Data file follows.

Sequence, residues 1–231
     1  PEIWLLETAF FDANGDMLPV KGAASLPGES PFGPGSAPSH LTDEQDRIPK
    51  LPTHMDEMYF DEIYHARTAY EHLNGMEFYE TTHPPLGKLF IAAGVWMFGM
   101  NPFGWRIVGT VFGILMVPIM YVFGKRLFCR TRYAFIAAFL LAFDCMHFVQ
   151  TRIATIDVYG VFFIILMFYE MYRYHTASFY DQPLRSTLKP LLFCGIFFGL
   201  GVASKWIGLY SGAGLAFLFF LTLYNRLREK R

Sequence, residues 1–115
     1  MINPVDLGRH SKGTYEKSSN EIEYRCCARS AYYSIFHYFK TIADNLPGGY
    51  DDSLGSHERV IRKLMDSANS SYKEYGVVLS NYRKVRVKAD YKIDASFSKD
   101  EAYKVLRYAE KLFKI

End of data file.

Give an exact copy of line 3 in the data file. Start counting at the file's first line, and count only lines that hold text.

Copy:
    51  LPTHMDEMYF DEIYHARTAY EHLNGMEFYE TTHPPLGKLF IAAGVWMFGM